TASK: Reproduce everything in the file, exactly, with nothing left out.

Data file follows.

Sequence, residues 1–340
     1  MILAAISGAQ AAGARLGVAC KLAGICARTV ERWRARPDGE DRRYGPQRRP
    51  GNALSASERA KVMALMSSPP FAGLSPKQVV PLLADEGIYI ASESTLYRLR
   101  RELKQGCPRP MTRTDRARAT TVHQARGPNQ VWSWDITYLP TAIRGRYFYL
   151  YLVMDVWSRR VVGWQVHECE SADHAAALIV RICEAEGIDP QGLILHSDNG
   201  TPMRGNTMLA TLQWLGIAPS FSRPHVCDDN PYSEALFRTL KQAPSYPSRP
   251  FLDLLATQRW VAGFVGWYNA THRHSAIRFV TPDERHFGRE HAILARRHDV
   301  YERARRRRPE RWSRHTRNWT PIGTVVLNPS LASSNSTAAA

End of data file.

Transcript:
Sequence, residues 1–340
     1  MILAAISGAQ AAGARLGVAC KLAGICARTV ERWRARPDGE DRRYGPQRRP
    51  GNALSASERA KVMALMSSPP FAGLSPKQVV PLLADEGIYI ASESTLYRLR
   101  RELKQGCPRP MTRTDRARAT TVHQARGPNQ VWSWDITYLP TAIRGRYFYL
   151  YLVMDVWSRR VVGWQVHECE SADHAAALIV RICEAEGIDP QGLILHSDNG
   201  TPMRGNTMLA TLQWLGIAPS FSRPHVCDDN PYSEALFRTL KQAPSYPSRP
   251  FLDLLATQRW VAGFVGWYNA THRHSAIRFV TPDERHFGRE HAILARRHDV
   301  YERARRRRPE RWSRHTRNWT PIGTVVLNPS LASSNSTAAA